09:04 | 22/05/2019 Trade
(VEN) - The proliferation of fake goods and violations of intellectual property rights has spread with the increase in online shopping sites. To address the issue and discuss solutions, the Vietnam E-commerce and Digital Economy Agency and the Vietnam Competition Authority under the Ministry of Industry and Trade held a recent training workshop on protection of consumer rights in e-commerce.
Increasing fake goods trade
According to the Vietnam E-commerce and Digital Economy Agency, Vietnam’s e-commerce has grown 25-30 percent a year. In the digital economy, the revenue through e-commerce channels was five times higher than that of average GDP growth.
At the same time, these online platforms have opened up opportunities for expanded trade in fake goods, said Tran Huu Linh, director general of the Vietnam Directorate of Market Surveillance. In 2018, the Hanoi Department of Market Surveillance handled violations valued at nearly a half billion Vietnamese dong.
Authorities handled more than 1.2 million violations of fake goods appearing online valued at VND92 trillion since 2015. Ministry of Science and Technology Deputy Chief Inspector Nguyen Nhu Quynh said up to 60 percent of cases examined were for violations of intellectual property rights on e-commerce platforms in 2018.
Updating legal sanctions
To protect consumers, greater coordination is required between units of the Ministry of Industry and Trade and state management agencies in the fight against fake goods and intellectual property violations online. E-commerce sites must also be held accountable for preventing the sale of fake goods.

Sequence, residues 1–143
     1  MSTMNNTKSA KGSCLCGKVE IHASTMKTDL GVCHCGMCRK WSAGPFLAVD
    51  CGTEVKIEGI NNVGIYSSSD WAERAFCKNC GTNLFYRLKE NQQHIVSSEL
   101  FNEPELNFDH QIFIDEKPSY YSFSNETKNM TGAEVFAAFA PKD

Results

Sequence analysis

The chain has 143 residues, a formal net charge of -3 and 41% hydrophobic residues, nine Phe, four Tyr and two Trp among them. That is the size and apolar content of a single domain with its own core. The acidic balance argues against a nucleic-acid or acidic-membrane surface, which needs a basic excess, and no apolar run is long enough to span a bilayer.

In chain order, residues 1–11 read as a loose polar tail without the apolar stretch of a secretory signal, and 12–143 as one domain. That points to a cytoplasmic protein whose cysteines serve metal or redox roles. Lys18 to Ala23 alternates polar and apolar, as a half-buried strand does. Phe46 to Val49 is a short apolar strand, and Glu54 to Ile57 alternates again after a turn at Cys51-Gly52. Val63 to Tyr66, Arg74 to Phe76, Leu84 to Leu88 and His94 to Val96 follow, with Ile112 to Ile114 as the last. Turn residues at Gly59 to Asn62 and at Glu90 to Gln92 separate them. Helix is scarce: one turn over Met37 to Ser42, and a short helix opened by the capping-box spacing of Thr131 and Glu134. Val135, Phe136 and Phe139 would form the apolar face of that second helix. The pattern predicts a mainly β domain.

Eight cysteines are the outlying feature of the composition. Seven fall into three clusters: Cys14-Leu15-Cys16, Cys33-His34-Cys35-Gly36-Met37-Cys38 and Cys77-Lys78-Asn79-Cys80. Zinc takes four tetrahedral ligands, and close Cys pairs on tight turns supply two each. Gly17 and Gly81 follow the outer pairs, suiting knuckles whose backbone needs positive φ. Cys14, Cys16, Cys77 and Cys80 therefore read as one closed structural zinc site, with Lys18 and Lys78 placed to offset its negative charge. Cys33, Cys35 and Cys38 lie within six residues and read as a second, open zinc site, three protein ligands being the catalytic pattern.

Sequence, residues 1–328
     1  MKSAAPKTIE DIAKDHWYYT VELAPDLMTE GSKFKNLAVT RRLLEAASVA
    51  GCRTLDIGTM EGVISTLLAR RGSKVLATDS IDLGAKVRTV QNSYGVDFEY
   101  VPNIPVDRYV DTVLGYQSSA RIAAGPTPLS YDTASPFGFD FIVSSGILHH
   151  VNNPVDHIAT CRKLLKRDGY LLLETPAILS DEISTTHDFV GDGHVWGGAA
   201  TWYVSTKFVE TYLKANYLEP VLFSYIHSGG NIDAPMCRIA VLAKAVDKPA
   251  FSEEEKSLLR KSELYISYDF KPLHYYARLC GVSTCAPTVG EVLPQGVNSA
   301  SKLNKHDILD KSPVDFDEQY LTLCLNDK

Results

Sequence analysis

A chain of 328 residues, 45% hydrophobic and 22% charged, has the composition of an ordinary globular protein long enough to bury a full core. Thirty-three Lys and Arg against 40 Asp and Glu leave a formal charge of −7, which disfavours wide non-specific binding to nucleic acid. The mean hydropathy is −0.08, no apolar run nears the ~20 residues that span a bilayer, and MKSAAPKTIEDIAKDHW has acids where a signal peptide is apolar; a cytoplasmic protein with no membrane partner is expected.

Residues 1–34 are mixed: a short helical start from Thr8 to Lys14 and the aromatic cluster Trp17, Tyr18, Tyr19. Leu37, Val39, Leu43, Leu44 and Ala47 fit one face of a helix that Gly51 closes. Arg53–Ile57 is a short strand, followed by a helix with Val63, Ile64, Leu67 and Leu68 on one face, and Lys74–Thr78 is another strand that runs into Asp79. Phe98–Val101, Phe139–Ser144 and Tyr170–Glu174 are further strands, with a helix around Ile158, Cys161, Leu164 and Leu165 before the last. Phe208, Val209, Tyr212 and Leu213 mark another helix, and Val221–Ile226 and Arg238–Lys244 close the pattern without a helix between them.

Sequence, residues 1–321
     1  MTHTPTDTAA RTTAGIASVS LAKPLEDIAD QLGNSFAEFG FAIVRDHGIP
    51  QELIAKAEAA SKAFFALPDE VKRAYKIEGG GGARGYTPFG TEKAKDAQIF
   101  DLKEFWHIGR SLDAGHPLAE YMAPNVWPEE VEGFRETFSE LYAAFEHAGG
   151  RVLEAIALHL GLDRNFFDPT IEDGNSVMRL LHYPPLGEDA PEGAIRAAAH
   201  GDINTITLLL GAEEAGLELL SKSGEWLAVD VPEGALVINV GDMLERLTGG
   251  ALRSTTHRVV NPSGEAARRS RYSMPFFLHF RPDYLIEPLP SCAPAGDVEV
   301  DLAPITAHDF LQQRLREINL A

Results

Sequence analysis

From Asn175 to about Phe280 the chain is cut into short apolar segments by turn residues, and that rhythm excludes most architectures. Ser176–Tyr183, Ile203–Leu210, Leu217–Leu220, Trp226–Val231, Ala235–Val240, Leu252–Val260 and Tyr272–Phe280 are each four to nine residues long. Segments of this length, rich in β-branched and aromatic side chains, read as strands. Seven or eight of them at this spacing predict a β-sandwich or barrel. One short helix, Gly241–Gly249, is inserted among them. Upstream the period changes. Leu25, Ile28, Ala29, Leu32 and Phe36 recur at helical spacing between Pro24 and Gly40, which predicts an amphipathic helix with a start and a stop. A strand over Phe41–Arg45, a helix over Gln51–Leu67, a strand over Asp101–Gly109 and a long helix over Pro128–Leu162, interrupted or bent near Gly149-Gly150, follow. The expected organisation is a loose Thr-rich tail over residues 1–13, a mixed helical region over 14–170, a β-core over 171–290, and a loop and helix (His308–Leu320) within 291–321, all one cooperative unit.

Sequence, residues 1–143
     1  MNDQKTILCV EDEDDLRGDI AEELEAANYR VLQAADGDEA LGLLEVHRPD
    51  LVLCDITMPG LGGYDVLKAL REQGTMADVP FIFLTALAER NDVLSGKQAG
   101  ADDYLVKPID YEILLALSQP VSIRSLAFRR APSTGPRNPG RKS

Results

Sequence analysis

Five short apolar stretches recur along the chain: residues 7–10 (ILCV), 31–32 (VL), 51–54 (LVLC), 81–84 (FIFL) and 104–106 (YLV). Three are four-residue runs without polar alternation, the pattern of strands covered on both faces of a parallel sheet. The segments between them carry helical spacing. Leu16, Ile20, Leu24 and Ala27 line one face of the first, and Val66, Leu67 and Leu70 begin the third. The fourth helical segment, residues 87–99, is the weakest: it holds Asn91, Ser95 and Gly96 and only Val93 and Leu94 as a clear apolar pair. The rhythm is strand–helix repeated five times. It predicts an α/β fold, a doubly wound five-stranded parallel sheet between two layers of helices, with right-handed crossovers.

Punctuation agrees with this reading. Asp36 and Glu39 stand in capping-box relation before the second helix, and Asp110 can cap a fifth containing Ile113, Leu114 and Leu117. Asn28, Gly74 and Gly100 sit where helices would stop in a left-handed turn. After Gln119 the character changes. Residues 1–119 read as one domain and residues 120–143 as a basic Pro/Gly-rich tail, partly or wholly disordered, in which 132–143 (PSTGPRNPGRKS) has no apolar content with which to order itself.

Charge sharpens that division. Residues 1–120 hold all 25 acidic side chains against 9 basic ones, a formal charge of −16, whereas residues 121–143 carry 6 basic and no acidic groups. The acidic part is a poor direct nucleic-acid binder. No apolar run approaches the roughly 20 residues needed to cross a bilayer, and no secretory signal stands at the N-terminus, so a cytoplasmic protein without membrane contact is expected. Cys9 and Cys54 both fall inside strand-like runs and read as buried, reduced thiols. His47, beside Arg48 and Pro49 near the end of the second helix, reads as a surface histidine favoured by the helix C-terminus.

Deputy Minister of Industry and Trade Dang Hoang An said trade of fake goods on e-commerce platforms occurs in many countries. In Vietnam, such shortcomings are partly due to the legal framework. The regulations on administrative punishments in e-commerce (Decree 52) were issued six years ago and have not been updated for this new form of business. Unless the legal framework is updated to include heavier sanctions, the issue will not be resolved, causing state budget losses and affecting customers, An said.
Nguyen Huu Tuan, head of the Vietnam E-commerce and Digital Economy Agency’s e-commerce management division, suggested completing legal regulations, reviewing and classifying e-commerce websites to better manage the market, strengthening inspection and handling of violations, and promoting dissemination of legal policies.
The Vietnam E-commerce and Digital Economy Agency will coordinate with the Vietnam Directorate of Market
Surveillance to review and classify e-commerce websites in order to eliminate poor-quality goods sold online. A
system will be established to receive complaints online and send them to authorities for handling as well as provide
warnings to customers.